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Natural Numbers Proof?

  1. Apr 6, 2012 #1
    If 'n' is a natural number such that n>1, prove that there exists a natural number k such that n-k=1.

    It raises the question: What is the definition of a natural number?

    Could you say that because n is natural, n-1 must be natural so that if k = n-1, n-k = 1?

    BiP
     
  2. jcsd
  3. Apr 6, 2012 #2
    That seems like a good argument, just mention that n-1 > 0 since n > 1.

    As for the definition of "natural number", they simply the positive integers. So, n-1 is natural because a)n is natural so n-1 is an integer and b)b>1 so n-1 >0
     
  4. Apr 6, 2012 #3

    micromass

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    This is actually a surprisingly difficult question. Of course, it's very easy on the first glance. But if you want to work it out fully from the very definition of natural numbers, then it can be difficult.

    There are two common definitions of natural numbers.

    1) The Peano-axioms.
    Natural numbers are a triple (N,s,0) with N a set,[itex]s:N\rightarrow N[/itex] a function (intuitively s(n)=n+1) and 0 an element of N such that
    - there exists no x in N such that s(x)=0
    - if s(x)=s(y) then x=y
    - induction: if [itex]A\subseteq N[/itex] is a set such that [itex]0\in A[/itex] and such that if [itex]x\in A[/itex] than [itex]s(x)\in A[/itex], then A=N

    From these axioms, you can reconstruct the theory of natural numbers. In particular you can prove the question in the OP. It is not that easy, however.

    2) The set-theoretic definition.
    We define
    [itex]0=\emptyset[/itex]
    [itex]1=\{0\}[/itex]
    [itex]2=\{0,1\}[/itex]
    [itex]3=\{0,1,2\}[/itex]
    [itex]4=\{0,1,2,3\}[/itex]
    and so on. (this needs to be made rigorous)

    The set of all such sets is called the natural numbers. This satisfied the Peano-axioms with [itex]s(n)=n\cup \{n\}[/itex]. The advantage here is that there is a unique set of natural numbers. In the first approach, there could be many such sets (which are homeomorphic). Another advantage is that induction is no longer an axiom, but can be proven from the set theoretic axioms. This might be preferable as induction might not be so intuitive to be taken an axiom.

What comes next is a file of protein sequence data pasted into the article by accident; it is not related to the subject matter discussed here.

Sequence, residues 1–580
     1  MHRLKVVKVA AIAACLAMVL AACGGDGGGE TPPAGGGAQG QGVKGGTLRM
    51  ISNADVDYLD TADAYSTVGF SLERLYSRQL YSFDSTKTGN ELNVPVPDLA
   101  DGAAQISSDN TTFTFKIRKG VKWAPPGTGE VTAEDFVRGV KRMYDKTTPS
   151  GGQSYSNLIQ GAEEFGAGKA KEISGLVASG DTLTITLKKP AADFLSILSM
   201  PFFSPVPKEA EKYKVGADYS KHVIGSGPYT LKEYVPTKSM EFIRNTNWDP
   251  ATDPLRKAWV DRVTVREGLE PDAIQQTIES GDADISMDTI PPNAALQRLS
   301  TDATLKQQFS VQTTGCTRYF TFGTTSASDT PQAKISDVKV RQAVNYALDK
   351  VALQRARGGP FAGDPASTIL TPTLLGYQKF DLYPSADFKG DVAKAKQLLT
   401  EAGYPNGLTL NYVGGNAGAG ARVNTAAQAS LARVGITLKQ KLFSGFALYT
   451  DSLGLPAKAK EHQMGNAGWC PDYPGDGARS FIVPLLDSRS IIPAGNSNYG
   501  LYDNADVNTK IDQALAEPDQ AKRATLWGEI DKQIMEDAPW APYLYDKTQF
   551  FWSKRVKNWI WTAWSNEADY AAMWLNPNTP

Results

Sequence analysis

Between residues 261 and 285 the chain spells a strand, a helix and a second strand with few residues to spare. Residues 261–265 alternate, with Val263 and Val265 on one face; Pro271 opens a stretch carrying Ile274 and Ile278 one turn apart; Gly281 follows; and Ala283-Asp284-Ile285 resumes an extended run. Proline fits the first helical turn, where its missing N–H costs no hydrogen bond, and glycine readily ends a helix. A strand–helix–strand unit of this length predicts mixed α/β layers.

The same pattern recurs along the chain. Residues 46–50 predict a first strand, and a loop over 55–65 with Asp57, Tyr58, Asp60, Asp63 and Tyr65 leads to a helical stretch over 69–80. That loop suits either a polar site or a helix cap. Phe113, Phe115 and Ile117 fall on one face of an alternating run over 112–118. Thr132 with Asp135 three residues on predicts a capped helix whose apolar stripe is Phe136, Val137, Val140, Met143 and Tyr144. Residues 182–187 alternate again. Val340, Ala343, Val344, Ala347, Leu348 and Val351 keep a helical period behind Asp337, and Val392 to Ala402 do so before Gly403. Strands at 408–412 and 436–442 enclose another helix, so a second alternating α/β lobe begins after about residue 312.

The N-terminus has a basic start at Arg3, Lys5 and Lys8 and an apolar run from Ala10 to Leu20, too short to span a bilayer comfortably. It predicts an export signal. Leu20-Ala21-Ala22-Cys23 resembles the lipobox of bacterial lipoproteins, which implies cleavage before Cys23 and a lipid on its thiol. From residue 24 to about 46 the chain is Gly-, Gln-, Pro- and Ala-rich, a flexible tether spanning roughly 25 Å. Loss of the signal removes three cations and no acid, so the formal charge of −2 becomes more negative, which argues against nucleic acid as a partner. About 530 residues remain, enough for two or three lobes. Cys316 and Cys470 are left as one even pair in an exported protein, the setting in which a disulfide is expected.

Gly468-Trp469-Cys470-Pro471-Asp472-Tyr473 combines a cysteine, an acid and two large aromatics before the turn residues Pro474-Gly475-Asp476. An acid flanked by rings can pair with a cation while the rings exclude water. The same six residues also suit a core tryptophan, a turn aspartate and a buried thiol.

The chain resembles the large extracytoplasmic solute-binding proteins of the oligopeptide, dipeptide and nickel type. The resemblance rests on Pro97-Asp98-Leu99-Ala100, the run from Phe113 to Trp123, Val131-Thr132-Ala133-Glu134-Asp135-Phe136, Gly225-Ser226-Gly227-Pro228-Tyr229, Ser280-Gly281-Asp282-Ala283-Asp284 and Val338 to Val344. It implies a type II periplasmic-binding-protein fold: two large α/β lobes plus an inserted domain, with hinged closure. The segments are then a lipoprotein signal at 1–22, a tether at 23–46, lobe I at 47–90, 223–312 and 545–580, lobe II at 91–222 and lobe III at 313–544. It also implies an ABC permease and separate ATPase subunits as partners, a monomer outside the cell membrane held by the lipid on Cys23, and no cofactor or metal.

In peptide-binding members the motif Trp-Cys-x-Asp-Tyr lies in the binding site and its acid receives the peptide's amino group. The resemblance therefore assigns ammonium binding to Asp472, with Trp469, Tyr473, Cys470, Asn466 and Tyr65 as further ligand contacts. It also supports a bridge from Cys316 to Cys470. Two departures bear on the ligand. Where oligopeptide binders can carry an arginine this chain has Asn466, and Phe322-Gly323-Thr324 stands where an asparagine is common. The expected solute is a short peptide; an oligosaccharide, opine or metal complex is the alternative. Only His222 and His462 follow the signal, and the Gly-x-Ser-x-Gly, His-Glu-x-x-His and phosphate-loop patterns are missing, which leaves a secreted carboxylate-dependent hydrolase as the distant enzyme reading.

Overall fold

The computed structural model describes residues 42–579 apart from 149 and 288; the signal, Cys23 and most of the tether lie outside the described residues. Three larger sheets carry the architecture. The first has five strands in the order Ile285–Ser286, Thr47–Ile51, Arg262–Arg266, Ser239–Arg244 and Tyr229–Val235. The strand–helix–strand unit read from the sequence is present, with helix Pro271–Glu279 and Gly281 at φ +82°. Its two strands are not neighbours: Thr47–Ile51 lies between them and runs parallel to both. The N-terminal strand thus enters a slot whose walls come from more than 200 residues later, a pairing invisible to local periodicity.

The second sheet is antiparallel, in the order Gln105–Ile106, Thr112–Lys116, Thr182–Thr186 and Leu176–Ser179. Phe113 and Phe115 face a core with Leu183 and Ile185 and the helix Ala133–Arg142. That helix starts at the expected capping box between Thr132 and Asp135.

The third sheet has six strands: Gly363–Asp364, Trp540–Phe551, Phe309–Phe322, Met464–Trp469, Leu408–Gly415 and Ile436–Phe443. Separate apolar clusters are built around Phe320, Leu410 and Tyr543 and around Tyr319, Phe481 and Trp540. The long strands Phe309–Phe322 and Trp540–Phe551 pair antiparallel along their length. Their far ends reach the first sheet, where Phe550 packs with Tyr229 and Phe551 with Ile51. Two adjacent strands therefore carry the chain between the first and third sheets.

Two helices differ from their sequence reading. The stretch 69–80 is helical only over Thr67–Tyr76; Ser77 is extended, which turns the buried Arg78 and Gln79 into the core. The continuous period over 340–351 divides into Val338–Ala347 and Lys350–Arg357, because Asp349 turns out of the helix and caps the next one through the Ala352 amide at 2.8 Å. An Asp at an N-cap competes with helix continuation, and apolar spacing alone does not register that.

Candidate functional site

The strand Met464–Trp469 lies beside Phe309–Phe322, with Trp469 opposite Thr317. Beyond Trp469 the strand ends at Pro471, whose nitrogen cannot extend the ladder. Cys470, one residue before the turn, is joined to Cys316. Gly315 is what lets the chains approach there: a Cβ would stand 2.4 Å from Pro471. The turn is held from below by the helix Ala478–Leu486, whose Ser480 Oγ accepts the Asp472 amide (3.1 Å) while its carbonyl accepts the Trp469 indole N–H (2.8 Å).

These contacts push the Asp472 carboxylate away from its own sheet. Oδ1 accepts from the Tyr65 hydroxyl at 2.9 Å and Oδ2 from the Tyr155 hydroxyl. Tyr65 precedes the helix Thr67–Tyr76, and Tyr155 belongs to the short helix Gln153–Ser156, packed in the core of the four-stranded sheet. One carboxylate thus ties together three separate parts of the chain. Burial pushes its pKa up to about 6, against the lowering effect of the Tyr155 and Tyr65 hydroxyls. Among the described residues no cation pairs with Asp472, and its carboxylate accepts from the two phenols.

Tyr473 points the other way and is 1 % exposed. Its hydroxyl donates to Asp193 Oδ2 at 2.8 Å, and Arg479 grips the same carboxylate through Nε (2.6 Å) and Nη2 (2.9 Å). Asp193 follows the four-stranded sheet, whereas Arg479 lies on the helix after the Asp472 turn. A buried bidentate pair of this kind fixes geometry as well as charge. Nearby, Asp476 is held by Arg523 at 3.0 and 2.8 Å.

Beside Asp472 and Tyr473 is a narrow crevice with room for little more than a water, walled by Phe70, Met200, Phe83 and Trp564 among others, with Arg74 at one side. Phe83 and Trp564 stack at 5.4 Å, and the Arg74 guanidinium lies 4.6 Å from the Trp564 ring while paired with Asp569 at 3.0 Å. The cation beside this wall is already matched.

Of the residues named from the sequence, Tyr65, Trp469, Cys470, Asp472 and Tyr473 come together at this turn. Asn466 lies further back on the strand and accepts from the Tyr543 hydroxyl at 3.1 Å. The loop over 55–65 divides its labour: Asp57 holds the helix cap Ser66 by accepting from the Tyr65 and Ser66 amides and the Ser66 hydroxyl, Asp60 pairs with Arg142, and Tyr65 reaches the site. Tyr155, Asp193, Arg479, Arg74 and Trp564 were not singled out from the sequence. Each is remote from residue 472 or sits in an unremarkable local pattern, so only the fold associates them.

5. Apr 6, 2012 #4

    HallsofIvy

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    If you want a proof from basic definitions, that's a long proof!

    One way to define the "natural numbers" is to use the Peano axioms:

    The natural numbers consist of a set N, together with a function, s (called the "successor function") from N to N such that
    1) There exist a unique member of N, called "1" such that s is a one-to-one function from N to N-{1}. (In other words, every natural number has a successor, every natural number except 1 is the successor of some natural number.)
    2) If X is a set of natural numbers such that 1 is in X and, whenever n is in X so is s(n), then X is the set of all natural numbers. (This is the "induction axiom.)

    We can define ">" by "m> n if and only if there exist a natural number x such that x+ n= m.

    From there we can define "m+ n", for m and n natural numbers, by
    1) 1+ n= s(n).
    2) if [itex]m\ne 1[/itex], then there exist x such that m= s(x) and we define
    m+ n= s(x+ n).

    One needs to show that is "well defined". That is, that given any m,n in N, there exist a unique member of N equal to m+n.

    Once we have that, we can define n- m as the unique number, x, such that m+ x= n.

    Now, if n> 1, by definition of ">", there exist k such that k+1= n and therefore, n- k= 1.

    (micromass got in ahead of me again!)
     
  6. Apr 7, 2012 #5
    How can we prove induction from the set theoretic axioms? sounds very interesting.
     
  7. Apr 7, 2012 #6


    What "set theoretic axioms"?? The Principle of Induction is equivalent, under the usual axioms of arithmetic, to the well (natural) ordering of the set of the natural numbers...is this what you meant?

    DonAntonio
     
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